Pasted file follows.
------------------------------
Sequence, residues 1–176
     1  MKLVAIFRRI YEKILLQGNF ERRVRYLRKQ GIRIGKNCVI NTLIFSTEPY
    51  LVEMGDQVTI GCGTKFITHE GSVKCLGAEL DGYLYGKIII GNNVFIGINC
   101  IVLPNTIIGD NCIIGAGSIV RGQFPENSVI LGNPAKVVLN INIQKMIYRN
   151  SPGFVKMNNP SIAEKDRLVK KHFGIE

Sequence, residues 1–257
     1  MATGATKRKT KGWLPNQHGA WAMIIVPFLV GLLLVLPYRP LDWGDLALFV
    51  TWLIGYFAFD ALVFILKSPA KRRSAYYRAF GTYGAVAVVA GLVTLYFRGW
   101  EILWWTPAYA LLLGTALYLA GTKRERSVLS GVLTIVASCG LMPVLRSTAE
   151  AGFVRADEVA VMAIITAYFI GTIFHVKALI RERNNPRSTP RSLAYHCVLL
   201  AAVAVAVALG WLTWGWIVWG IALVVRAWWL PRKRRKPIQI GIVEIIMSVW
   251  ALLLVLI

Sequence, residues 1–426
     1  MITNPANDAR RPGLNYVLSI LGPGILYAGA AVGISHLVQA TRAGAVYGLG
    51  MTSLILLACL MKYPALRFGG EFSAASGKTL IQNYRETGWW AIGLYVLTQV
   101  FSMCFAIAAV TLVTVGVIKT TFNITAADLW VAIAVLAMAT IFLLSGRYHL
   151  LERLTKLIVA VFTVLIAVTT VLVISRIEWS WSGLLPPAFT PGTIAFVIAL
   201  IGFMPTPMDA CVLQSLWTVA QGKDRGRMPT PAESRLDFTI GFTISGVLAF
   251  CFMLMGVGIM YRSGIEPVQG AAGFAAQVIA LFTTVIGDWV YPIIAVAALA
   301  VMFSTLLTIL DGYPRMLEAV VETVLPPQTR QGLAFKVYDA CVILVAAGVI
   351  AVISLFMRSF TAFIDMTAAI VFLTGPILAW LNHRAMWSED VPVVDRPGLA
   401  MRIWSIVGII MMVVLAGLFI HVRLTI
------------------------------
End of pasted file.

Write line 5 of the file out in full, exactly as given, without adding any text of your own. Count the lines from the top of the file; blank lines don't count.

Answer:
   151  SPGFVKMNNP SIAEKDRLVK KHFGIE